However, there are times when conditional and vast looping logic is required in the view, and this is when you might wish you had Spark. The nice thing is that you can use both side by side. So I'd say go with the default, and fool with it once you're comfortable.

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One of the nice parts of MVC in web apps is that you can get much closer the the bare metal of HTML which is one of the main problems many developers run into - lack of absolute control of rendered HTML

Spark is significantly closer to bare HTML than ASP.net

In general a non programming HTML designer will have more chance of understanding Spark and working with it than ASP.net

If this is an issue for you use Spark, otherwise use what ever rendering engine you want. Check out nhaml for something different

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Actually, I was faced to the same choice several months ago, but for real business application, not for educational purpose. My answer is "to spark".

Certainly, there are some tricky things like intellisense and includes for pre-compilation. But from my prospective, the benefits are more significant. "Readability" of views is much better in spark. There is more elegant separation into partials (again, my personal opinion). I also found spark way of site localization more natural (MyView.spark, MyView.de.spark, MyView.de-DE.spark with automatic fallback, and the same for master layouts). A plenty of small conveniences - best of all I love ${} and !{} to get html encoding or to avoid it. My application works in medium trust being pre-complied.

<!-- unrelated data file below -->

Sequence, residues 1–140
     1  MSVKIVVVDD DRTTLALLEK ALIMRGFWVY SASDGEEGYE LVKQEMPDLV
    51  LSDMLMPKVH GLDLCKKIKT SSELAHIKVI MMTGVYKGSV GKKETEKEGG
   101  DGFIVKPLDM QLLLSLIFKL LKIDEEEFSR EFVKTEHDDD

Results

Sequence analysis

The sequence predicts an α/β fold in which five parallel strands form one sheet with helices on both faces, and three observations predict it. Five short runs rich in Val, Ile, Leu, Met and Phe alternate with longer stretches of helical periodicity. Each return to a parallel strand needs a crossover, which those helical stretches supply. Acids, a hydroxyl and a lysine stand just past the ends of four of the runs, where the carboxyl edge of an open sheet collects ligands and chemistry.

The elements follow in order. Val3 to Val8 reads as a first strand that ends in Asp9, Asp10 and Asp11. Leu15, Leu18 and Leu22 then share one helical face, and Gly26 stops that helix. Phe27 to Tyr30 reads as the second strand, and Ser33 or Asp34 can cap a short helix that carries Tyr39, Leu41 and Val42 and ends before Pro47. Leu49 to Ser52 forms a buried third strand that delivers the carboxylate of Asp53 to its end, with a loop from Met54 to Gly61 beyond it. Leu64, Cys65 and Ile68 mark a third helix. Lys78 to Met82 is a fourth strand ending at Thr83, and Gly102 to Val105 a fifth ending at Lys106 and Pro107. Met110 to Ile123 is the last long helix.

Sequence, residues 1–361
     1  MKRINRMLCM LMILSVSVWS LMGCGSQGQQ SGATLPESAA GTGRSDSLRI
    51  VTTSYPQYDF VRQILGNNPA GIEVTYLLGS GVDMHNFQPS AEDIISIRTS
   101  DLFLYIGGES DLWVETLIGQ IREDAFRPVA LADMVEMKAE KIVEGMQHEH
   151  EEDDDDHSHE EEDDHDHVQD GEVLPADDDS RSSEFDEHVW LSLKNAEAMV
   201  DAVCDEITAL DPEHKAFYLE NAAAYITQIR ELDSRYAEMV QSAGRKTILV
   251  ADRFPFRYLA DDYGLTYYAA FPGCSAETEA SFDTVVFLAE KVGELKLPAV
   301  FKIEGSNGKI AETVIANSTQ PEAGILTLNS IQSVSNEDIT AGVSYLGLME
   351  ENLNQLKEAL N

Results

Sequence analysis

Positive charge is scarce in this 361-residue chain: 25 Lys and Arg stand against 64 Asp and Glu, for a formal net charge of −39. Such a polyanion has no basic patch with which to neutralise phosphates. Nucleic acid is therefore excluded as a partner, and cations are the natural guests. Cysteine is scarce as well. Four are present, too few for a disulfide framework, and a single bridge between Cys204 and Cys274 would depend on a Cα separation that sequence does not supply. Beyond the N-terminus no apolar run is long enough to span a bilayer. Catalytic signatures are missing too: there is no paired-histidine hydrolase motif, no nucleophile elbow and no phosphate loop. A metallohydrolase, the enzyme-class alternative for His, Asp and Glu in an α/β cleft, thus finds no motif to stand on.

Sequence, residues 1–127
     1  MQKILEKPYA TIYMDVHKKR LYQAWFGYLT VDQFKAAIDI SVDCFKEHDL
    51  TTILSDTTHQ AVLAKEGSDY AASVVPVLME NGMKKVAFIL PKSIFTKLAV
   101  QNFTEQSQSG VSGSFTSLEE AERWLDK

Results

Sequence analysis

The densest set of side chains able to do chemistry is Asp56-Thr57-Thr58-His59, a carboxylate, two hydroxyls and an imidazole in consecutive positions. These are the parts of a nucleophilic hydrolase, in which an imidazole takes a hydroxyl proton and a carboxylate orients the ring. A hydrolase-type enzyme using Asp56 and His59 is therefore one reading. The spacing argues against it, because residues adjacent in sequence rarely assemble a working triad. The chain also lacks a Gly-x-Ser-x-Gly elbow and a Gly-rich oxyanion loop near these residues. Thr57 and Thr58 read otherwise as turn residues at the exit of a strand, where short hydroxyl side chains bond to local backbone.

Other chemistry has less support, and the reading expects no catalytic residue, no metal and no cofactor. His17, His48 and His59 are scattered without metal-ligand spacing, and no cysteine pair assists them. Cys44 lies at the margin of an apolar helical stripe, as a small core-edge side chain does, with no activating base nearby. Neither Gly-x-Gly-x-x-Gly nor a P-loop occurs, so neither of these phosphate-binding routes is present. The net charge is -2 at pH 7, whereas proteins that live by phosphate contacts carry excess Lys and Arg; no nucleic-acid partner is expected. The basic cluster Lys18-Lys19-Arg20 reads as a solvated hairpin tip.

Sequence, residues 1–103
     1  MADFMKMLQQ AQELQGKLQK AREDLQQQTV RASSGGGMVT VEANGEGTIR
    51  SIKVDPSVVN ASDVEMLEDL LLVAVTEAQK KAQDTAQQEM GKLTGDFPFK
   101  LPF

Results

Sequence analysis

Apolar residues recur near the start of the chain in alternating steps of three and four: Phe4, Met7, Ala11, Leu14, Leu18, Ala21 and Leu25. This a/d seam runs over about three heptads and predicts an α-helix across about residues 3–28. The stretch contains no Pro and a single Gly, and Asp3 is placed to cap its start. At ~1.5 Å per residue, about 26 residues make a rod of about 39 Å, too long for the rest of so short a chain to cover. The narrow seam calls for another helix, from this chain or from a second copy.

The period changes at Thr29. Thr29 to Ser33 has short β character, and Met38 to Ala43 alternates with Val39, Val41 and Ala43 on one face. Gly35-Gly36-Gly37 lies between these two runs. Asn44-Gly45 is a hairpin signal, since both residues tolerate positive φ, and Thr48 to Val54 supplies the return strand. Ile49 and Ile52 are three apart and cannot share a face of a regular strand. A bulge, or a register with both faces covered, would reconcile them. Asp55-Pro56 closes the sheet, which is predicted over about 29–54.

I would rather say that spark is mature enough to be used in real development. But not perfect.

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I know this question has been answered and was asked before Razor came out, but I would choose Razor if I were starting a new project. I have a current project with Spark and I definitely agree that it was a better choice over WebForms. But since the landscape has changed I would choose something else if I had to make the decision today.

Reasons

  • The main developer of Spark was hired by Microsoft(probably working on Razor)
  • The last stable build for Spark as of today has almost been one year.
  • The syntax is fairly similar
  • Outlining support. When creating web-pages it is critical for me to be able to collapse sections of html, Razor supports this and Spark does not.

I don't buy the argument that Razor has it's priorities wrong. They say Razor's default is code and then some markup and Spark is the opposite. I agree with that argument to a limited extent; the tools are there for both view engines to either have a code-less or code-ful view. It's up to the guy who ends up typing it out.